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Developers of multifamily projects are very cognizant of the current construction and operating costs required to keep their units reasonably priced for what is the most affordable residential product available in most urban communities.

One area that is often overlooked in this quest for affordability are the impact fees associated with water, stormwater, and sanitary sewer (collectively referred to as development resources). Being aware of how impact fees will affect development and taking calculated measures to reduce such fees not only makes multifamily developments more affordable and profitable, but also addresses an important concern of any developer, which is the availability of these limited and necessary development resources.

The growing scarcity of these resources due to political, legal, and climate issues has increased the costs of, and limitations on, supplying these necessary services for new multifamily developments. Many communities are becoming increasingly concerned about the uncertainty of their development resources as articles proliferate across the nation about moratoriums on development due to shortages of supply and capacity.

These challenges are not limited to the well-publicized contentiousness of the Colorado River allocation to states in the West; municipalities from across the nation, including California, Colorado, Minnesota, New Jersey, and Texas, face questions of whether or not to approve new development due to the current demand placed on already overallocated and stressed systems. A municipal entity will typically prioritize allocating their supplies and infrastructure relating to development resources in order to ensure there is sufficient capacity to meet existing demands.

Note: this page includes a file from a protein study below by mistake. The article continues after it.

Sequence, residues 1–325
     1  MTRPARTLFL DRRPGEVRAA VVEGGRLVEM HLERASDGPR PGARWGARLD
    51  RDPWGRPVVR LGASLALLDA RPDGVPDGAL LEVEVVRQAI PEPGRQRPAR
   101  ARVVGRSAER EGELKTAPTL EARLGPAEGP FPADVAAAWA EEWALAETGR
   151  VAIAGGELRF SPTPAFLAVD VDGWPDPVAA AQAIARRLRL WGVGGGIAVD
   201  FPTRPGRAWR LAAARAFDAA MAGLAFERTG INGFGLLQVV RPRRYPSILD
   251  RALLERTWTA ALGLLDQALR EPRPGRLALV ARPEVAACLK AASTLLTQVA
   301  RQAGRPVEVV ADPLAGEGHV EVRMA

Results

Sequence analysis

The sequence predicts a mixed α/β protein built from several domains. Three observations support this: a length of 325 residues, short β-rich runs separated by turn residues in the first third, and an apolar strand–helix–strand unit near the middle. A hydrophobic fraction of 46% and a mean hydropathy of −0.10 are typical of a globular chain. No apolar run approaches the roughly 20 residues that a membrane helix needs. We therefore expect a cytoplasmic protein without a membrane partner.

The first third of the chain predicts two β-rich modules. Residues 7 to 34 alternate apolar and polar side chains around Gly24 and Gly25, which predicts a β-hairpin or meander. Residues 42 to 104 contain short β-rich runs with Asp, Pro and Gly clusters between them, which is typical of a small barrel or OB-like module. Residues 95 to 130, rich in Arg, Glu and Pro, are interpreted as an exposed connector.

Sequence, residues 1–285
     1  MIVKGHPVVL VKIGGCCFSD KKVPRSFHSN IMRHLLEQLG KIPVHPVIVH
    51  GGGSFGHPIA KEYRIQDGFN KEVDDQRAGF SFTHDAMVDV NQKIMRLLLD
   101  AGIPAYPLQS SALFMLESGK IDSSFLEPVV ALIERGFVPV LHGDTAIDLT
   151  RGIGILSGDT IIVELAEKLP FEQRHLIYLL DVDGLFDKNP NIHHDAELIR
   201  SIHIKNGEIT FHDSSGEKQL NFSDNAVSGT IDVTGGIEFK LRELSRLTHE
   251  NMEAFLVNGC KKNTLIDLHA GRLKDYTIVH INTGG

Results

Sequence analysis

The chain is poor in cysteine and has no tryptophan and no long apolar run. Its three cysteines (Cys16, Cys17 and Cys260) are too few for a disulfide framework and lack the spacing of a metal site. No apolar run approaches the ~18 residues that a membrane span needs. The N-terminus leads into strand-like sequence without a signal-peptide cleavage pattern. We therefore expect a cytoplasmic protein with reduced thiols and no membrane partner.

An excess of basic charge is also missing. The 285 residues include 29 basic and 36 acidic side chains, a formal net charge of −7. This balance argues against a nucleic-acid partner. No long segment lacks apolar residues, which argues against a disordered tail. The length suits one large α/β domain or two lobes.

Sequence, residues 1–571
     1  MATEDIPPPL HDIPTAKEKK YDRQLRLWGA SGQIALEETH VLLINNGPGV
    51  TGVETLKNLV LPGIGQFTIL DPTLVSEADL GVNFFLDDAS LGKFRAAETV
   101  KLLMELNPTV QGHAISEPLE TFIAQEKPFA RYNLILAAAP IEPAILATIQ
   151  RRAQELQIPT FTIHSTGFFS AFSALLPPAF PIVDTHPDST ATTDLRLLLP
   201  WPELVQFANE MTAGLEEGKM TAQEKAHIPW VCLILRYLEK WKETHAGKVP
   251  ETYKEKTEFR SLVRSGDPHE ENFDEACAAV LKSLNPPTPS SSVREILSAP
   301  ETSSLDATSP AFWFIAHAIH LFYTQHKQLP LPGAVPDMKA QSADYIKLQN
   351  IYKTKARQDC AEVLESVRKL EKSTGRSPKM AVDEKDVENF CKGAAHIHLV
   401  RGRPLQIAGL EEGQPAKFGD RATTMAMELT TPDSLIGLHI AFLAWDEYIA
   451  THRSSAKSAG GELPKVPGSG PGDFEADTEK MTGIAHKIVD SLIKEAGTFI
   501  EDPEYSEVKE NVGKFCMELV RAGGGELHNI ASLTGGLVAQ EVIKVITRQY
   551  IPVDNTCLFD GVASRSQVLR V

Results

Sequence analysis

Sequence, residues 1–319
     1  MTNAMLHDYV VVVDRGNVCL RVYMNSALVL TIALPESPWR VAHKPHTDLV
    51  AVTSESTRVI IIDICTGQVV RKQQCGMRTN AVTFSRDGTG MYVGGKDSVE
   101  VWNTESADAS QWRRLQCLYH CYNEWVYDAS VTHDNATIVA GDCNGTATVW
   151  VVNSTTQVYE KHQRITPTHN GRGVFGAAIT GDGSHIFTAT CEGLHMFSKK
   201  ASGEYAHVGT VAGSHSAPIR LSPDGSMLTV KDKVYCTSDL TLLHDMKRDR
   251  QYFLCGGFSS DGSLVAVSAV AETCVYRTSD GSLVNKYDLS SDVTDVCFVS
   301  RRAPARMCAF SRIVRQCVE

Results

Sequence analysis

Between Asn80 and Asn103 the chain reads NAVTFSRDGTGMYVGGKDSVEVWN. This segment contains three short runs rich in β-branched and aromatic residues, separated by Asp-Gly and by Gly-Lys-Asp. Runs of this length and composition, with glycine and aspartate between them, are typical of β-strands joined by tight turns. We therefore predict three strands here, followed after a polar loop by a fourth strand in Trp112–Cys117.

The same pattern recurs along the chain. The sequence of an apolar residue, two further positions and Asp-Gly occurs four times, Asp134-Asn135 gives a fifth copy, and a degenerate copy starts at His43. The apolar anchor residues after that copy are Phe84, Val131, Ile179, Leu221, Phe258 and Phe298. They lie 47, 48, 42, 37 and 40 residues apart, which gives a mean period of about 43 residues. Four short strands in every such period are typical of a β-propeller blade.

The reduced availability of development resources has raised the specter in many communities of a potential moratorium or reduction on the issuance of new service to prevent an overextension of current supplies. Although particularly prevalent in the drought-stricken West, these issues are spreading nationwide as exemplified by a moratoria in Corcoran, Minnesota, as well as Mecklenburg and Cabarrus counties in North Carolina.

Furthermore, new projects aimed at increasing the availability of development resources often take decades to develop, are risky, and are extremely costly, which requires municipalities to carry long-term debt before any infrastructure or revenue is produced. As a result, simple, readily available, low-cost solutions to this resource crisis simply do not exist.

In addition to the uncertainty of development resource availability, the impact fees that providers charge, which are used to defray the capital costs required to serve new development, are also skyrocketing.

The development resource costs of a single-family residential equivalent can range from $8,000 in Charleston, South Carolina, to $75,000 or more in several Colorado municipalities. These impact fees clearly have a significant impact on the profitability and affordability of new development. Meanwhile, stopping or even slowing the rate of new development means housing becomes even more scarce and less affordable in many communities.

There is no doubt that, even for those areas outside the arid West, the costs of development resources are beginning to escalate. The unpredictability of water supply and increased flooding has made the quality of development resources as large an issue as their scarcity.